Randy Shilts was having a big breakfast after a bad night. "I dreamt I died," he said.
"But I came back to life."
"For three days, to attend a funeral."
"Anyway," he continued, shelling an egg, "somehow I end up in a doctor's office, and he tells me, 'While you're here, why don't you let me fix that cancer on your jaw?' I say, 'Didn't know I had one.' He recommends radiation immediately. Then he says, 'But there is a long line and you'll have to wait.' 'Wait?' I say."
As impatient dreaming as he was in everything else, Randy renegotiated the scenario so that suddenly he was waiting in a short line at a deli, buying gum and chatting with Mario Cuomo.
Randy was a master of dissociation. He had learned it early, one of six boys in an abusive and alcoholic family. Nearly every day his drunken mother forced him into the bathroom, made him take down his pants and then whipped him, and if he cried, whipped him again. He taught himself not to cry, so effectively that for many years he forgot how; to go to school and pretend nothing had happened; to sit through suppers where no one ever mentioned the violence.
Randy recounted these memories in the same bright, even eager, way he told any story, as though it were something he was reporting. Each brother, he explained, had absorbed the suffering differently. One decided to have a vasectomy while still a teen-ager. A second was institutionalized and a third ran away.
And then there was Randy, who, after years of migraines and multiple addictions, had concluded that writing was the only way out, or, at least, the only anesthesia that lasted. He was overcoming his final dependence, on sleeping pills, while he finished "And the Band Played On," his account of the beginning of the AIDS epidemic.
Yet no sooner was he in the clear, and in love, than he fell ill. I recall one visit after a long spell of blood draws and biopsies. With a lopsided smile, he pushed his glasses up the ridge of his nose and lowered his voice confidentially. "You realize the only reason I didn't become an intravenous drug user was that I was so afraid of needles," he said. "Now look."
I met Randy Shilts in San Francisco, when we were both covering AIDS. Over time we exchanged our work, helping each other call the shots as we saw them -- and we never saw them the same way. I was studying medical history, searching for clues to the epidemic. Randy focused on politics. He had a prodigious memory for obscure legislation, but also for the silliest cultural trivia. A few notes from any golden oldie and he could identify the month and year of its release.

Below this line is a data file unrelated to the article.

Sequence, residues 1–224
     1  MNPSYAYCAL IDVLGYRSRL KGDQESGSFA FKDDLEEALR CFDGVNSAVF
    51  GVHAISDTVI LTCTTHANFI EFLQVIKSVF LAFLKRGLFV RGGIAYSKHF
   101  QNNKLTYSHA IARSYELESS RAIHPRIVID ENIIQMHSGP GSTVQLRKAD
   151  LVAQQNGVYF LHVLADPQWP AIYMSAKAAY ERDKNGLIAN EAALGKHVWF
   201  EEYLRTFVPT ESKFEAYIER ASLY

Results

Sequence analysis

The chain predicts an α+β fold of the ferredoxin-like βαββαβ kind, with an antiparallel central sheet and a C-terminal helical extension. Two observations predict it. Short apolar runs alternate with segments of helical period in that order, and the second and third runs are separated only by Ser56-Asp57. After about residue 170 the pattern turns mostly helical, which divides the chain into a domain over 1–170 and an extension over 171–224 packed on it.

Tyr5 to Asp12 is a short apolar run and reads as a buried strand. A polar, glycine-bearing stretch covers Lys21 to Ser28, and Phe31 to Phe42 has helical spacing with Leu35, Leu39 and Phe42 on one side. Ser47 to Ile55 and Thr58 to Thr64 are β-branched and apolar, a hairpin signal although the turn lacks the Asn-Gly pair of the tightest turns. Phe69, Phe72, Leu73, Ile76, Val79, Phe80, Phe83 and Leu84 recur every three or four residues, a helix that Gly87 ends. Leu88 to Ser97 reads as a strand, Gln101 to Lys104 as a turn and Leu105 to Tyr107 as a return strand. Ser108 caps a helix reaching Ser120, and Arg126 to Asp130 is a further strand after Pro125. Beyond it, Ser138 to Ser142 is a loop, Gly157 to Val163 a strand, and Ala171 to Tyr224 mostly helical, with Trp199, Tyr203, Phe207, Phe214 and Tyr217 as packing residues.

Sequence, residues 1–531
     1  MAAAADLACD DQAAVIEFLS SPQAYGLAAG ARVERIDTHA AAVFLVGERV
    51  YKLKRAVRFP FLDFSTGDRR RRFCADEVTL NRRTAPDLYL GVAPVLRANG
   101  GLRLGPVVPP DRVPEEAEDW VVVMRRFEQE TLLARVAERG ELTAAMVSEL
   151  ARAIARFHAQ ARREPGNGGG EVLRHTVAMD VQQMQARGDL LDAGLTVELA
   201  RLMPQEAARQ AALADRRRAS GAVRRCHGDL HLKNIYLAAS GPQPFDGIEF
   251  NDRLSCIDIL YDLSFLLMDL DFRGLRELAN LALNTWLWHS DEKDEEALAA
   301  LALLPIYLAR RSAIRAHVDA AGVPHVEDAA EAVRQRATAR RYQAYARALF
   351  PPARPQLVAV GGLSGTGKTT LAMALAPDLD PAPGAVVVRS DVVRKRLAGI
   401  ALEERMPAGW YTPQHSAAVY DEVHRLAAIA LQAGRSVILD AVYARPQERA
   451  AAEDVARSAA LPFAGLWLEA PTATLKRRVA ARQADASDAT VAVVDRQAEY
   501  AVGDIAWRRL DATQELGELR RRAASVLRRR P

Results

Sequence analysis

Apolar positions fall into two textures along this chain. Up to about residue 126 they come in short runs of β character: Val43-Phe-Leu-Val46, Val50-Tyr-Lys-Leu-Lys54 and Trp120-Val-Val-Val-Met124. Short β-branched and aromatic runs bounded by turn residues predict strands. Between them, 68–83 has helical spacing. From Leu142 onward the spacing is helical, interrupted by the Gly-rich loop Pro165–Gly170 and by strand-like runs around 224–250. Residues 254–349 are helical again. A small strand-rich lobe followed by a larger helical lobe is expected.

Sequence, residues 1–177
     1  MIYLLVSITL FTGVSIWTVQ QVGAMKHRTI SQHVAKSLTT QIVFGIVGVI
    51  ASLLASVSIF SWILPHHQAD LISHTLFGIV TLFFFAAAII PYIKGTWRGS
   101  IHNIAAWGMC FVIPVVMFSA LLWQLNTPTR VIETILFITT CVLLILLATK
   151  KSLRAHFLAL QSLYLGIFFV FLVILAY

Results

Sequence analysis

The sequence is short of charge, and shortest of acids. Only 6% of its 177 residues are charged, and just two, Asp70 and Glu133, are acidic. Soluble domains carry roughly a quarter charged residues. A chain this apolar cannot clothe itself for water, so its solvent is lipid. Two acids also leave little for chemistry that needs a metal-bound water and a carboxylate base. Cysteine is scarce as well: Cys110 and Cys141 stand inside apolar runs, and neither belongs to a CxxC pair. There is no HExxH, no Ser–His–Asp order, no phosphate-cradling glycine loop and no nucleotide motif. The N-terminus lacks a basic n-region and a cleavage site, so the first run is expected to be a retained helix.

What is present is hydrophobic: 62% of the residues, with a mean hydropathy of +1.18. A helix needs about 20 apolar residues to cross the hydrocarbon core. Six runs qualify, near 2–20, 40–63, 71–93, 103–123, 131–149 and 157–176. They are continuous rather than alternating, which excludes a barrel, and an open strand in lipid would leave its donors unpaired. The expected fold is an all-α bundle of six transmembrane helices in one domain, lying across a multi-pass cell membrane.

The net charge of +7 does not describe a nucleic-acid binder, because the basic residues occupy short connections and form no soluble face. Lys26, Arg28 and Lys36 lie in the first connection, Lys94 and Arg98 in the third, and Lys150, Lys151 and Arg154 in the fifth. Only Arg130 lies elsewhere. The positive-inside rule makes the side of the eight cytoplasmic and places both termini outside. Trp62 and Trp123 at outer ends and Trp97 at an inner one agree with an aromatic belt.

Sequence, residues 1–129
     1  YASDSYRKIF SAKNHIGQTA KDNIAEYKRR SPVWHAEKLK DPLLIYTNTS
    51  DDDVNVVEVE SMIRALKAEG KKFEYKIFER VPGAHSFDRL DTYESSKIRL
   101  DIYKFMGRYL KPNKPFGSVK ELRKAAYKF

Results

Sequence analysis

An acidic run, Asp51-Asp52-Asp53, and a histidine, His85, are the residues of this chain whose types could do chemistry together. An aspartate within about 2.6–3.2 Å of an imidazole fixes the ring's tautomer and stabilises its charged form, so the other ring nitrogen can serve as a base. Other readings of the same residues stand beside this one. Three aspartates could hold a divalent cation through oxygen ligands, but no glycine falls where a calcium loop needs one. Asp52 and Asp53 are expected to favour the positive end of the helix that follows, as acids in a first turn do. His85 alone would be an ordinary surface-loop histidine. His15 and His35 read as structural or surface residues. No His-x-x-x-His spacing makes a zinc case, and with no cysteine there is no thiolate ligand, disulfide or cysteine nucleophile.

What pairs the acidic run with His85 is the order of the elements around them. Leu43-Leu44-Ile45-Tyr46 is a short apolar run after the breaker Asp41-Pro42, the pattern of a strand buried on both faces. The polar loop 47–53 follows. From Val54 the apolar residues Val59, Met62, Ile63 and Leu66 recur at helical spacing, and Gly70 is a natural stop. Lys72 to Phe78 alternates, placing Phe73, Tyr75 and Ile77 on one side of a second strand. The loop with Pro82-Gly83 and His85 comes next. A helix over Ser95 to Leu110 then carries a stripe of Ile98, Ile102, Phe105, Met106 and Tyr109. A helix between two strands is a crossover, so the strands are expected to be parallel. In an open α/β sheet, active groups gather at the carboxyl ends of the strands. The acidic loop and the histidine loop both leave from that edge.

"How do you remember this junk?" I asked.
"What you are to syphilis," he said, "I am to mid-60's music."
Randy covered AIDS as long as he could endure it. But one day in the spring of 1989 he called from his car phone after visiting Stanford Children's Hospital, where he was researching an article on hemophiliac AIDS. "I can't do this anymore," he said. "There were these tiny little chairs in the waiting room, Garfield posters everywhere, this enforced cheerfulness . . ." Soon after the article was published he decided to take a year's break, but within months he was planning "Conduct Unbecoming," a history of gay people in the armed forces.
Pentagon documents preoccupied him. Sometimes he traveled to military bases to do interviews, but he was budgeting his energy, calculating each trip in terms of forfeited T-cells. During the gulf war, I asked him if he wished he could go.
"Just what I need: anthrax," he said.
Friends had warned Randy off the topic of homosexuals in the military as being overly specialized. But he persisted and was proved right. As the issue advanced from back pages to headlines, his efforts to finish the manuscript strained his frail resources.
Almost done with the book, he entered a hospital for surgery. When he could no longer write sitting up, he wrote on his back. When he could no longer write at all, he dictated. We spoke briefly once on the telephone. He was quiet for so long I thought he was asleep. "You know," he said, "I think the book is curing me."
He was frustrated by his inability to follow the news after his operation; he liked to have clippings read to him, but also passages from books. One he asked to hear again in the months before his death, even as he was contemplating his next project, came from Henry James's "Notebooks."
"The way to do it -- to affirm one's self sur la fin -- is to strike as many notes, deep, full and rapid, as one can. Go on, my boy, and strike hard . . . . Try everything, do everything, render everything -- be an artist, be distinguished, to the last."
Randy did, and so he was. The book may not have cured him, but I have no question that writing saved his life.